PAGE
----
Maine SAD 70 superintendent Stephen Fitzpatrick speaks during the school board meeting held by the district on Oct. 12. Credit: Alexander MacDougall / Houlton Pioneer Times

HOULTON, Maine — Two Aroostook County superintendents have reversed an earlier decision and now will allow students to attend classes outside of their native school districts next year.

After hearing pleas from multiple families, superintendents for RSU 29 in Houlton and SAD 70 in Hodgdon are no longer denying requests for superintendent agreements for students to attend school in other districts in the 2022-23 school year.

Earlier this month, nearly 100 families of students in both RSU 29 in Houlton and SAD 70 in Hodgdon were shocked to learn their requests to send their children to a different school district were being denied.

Citing a large increase in the number of superintendent agreements for the 2022-23 school year, both RSU 29 Superintendent Richard Lyons and SAD 70 Superintendent Stephen Fitzpatrick denied the majority of requests, leaving parents scrambling to make appeals with the Department of Education.

Under Maine law, a student is required to attend classes in the school administrative unit where their parents reside, where they reside when they reach age 18 or where they reside if they become an emancipated minor.

But sometimes it is in the student’s best interest to attend classes in a different school district, perhaps because one school offers programs that the other does not or a student may thrive in a smaller school setting.

Whatever the reason, two superintendents may approve the transfer, provided they both find it is in a student’s best interest and the student’s parent or guardian permits the transfer. The agreements are reviewed annually on a case-by-case basis.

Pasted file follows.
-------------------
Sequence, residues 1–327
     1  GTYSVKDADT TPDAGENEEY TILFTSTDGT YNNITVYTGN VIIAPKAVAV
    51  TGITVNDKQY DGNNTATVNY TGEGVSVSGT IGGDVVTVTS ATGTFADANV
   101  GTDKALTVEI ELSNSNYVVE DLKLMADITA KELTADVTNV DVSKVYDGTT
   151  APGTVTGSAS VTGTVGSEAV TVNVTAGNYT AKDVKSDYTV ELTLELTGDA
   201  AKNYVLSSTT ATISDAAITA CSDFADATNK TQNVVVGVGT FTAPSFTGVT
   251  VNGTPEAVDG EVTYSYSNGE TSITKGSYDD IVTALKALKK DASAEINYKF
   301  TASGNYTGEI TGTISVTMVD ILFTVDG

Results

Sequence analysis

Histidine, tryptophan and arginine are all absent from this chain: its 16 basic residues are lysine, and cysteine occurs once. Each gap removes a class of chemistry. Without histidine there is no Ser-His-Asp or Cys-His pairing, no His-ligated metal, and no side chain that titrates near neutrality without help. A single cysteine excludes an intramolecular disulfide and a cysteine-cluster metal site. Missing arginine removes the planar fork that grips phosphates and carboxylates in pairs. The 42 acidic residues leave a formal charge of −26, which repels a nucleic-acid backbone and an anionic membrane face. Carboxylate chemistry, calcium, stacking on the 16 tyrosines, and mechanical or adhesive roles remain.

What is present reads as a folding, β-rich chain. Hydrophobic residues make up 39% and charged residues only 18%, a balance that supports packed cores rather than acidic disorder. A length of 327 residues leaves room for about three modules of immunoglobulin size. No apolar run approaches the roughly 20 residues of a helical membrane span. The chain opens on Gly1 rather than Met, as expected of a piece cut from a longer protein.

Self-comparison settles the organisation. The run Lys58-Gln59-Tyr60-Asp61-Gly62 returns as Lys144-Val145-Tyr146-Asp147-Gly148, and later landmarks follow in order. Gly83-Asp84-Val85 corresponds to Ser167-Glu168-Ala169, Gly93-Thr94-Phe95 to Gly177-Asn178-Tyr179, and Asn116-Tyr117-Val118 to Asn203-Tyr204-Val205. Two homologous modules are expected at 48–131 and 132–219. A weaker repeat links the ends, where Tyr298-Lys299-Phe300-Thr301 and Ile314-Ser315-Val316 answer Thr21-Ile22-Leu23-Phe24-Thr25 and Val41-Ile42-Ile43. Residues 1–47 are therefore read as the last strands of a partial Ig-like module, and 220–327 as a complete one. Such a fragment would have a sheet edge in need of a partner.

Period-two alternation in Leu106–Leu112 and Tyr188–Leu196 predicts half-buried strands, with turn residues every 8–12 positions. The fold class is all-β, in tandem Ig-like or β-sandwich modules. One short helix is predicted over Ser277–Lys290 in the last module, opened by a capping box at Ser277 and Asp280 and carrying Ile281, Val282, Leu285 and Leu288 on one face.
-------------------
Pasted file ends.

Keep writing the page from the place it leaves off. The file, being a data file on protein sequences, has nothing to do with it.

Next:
And for many years, the two districts have allowed students to transfer outside of their home school district for a variety of reasons.

RSU 29 Superintendent Richard Lyons said Thursday that the decision to reverse course came after a conversation took place between himself, SAD 70 Superintendent Stephen Fitzpatrick and Deputy Commissioner of Education Daniel Chuhta to seek some type of compromise.

“Our philosophy now is, if a pre-kindergarten or kindergarten student is just starting school, they should attend their home district,” Lyons said. “If a student has been granted an agreement for let’s say 2-3 years or more, then they would be looked at favorably, for continuation in that district is important for many reasons, including continuity and consistency.”

This school year, RSU 29 has 125 students coming into the district via superintendent agreements and has 30 who attend school in a neighboring district.

For purposes of the state’s school subsidy formula, a student who is transferred under these agreements is considered a resident of the school administrative unit to which transferred.

Fitzpatrick added that it was the many meetings he had with parents that led him to change his mind regarding the transfers.

“We have since reversed several initial denials based on parent meetings and additional information concerning individual student needs,” Fitzpatrick said. “We are also reminding our resident parents that they are always welcome to engage with the excellent schools in SAD 70.”